Sunday, September 25, 2016

SATURDAY, September 24, 2016. Lazy day, 14 tows, mostly Cal Poly Group.

Visibility: 40 miles in haze.
Wind: Light from the East
Altitudes: 45oo msl.
Time Aloft: Just over an hour.
Max Lift: 400 fpm
Temperature: 85 degrees F.
Comment: SLO day, with both meanings.
Tow pilot: Jim Rickey, Harold Gallagher

It was one of those lazy days where most pilots weren't in any hurry to launch. And most of them were from Cal Poly. The schedule looked full but when it came  to actually getting the gliders in the air, no one was in any hurry. The weather was cool, and it seemed like not much was happening aloft, but a few pilots, Troy in particular, showed us otherwise. Later in the day, the lift that was available earlier, all but disappeared.

I had several flights with Andrew Palmer who might just have soloed today except some of his paperwork was missing. Maybe next time we'll get him aloft alone.

Jennifer Bauman was back out here for the first time all summer. Sounds like she had a wonderful time during the summer months flying a number of different gliders at a soaring site on the East Coast. And the Cal Poly group was right along with her. Jesse McClintock , Andrew Palmer, Troy Wollman, Kyle O'Connell all showed up and all at least had one or more flights, solo or in the passenger seat.

Alex Caldwell and Sergio Grajeda used the time to prepare for the upcoming checkride, not yet scheduled. Near the end of the day, they flew several flights that were intended as practice checkrides. It looks like Sergio will be ready for Dan Gudgel in about three weeks. We wish him well.

The last flight of the day was Jim Rickey in the Orange Crush. Jim and I had shared the tow duties but he at least wanted to try his hand at finding some lift. Trouble is, the lift eluded him like it had all others in late afternoon. But since the weather was beautiful, cool, and hardly windy, no one seemed particularly upset and finding mostly sink.

Fall is here and with the passing of the Autumnal Equinox the shorter days will bring on much needed cool, smooth air. And that is the best time for training. If any of you reading this have always wanted to learn to fly anything, but gliders in particular, now is the time to come out to Avenal and begin your training.

The Cal Poly group moving Big Bird back into position after a flight by one of them.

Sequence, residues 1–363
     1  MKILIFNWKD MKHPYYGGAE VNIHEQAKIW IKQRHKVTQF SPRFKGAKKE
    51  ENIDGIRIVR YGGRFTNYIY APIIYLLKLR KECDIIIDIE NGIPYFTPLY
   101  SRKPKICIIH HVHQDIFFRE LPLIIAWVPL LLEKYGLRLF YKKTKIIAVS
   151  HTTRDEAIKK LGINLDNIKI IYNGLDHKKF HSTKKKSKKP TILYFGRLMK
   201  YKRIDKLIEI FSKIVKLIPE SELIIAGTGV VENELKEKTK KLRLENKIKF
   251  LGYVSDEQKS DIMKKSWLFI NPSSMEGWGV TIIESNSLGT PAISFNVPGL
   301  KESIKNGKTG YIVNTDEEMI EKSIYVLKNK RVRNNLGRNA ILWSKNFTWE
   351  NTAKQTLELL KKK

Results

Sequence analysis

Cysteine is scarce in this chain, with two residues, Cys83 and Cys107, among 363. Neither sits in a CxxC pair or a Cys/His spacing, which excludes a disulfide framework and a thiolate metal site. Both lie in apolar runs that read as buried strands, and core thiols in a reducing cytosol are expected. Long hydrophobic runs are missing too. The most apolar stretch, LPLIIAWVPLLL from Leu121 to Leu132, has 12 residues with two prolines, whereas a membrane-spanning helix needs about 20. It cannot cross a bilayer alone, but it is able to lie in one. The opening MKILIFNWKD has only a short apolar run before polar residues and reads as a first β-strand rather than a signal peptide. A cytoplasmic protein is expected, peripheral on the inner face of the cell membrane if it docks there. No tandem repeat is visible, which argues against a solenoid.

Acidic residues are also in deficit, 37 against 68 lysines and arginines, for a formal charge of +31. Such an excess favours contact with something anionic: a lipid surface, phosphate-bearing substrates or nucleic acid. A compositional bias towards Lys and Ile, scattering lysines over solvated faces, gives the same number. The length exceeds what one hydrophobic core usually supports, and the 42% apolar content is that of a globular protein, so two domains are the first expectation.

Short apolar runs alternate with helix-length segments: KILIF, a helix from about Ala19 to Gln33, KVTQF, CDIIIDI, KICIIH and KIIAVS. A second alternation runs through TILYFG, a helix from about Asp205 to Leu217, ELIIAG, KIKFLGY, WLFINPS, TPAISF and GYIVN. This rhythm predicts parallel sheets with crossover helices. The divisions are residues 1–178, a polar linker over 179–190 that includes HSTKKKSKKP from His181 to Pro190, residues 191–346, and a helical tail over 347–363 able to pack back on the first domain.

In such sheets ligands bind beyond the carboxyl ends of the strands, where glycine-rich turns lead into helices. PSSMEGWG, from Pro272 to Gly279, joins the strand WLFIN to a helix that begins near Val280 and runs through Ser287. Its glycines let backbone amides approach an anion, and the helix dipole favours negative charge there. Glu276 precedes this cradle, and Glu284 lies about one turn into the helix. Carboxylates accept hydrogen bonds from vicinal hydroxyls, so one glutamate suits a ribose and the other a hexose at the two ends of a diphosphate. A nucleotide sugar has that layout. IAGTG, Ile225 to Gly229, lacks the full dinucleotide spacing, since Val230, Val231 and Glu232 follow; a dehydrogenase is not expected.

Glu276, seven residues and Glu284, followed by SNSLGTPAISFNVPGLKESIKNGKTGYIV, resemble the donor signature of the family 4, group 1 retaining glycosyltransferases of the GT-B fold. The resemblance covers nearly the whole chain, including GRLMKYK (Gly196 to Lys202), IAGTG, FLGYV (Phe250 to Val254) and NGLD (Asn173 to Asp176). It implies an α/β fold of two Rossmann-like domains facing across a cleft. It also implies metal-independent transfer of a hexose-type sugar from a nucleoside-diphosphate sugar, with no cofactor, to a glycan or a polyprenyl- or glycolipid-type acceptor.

Left to right, Jesse McClintock, Andrew Palmer, Jennifer Bauman, and Kyle O'Connell.
Big Bird is unhappy because three of its current students couldn't make it out here today.
Jennifer Bauman and Kyle O'Connell waiting for the tow plane to move into position.
Troy Wollman in the 1-26 up at 4000+ msl out toward the foothills.
With a telephoto lens, the heat aloft shows wiggles on the outline of the glider.
Troy has decided to come down and let Jennifer Bauman fly the 1-26.
Even though it seems early, there is no one else scheduled in Big Bird, so back to the tie down area it goes.
No one apparently wanted to fly the Orange Crush earlier but later it was used by Alex Caldwell and Sergio Grajeda.
Troy Wollman arriving in the 1-26 after a long flight  where good lift was found.
Alex Caldwell and Sergio Grajeda awaiting another launch for practice checkride flights.
A lovely flower out in the area of the outdoor men's bathroom.
Troy Wollman in the 1-26 again ready for another launch.
Kyle O'Connell walking past Troy Wollman seated in the 1-26.
Andrew Palmer and Jennifer Bauman sharing thoughts about the current school year.
Jesse McClintock feels the wheel is better than the ground, along with the shade.
That's Jim Rickey on the nose handle of the Orange Crush tying it down after the last flight.
About 2800 msl density altitude wasn't nearly as high as it has been in the heat of summer.
I hope everyone has a nice week and is looking forward to next Saturday for a cool day of soaring or training. Great time of year for either one.

Harold Gallagher

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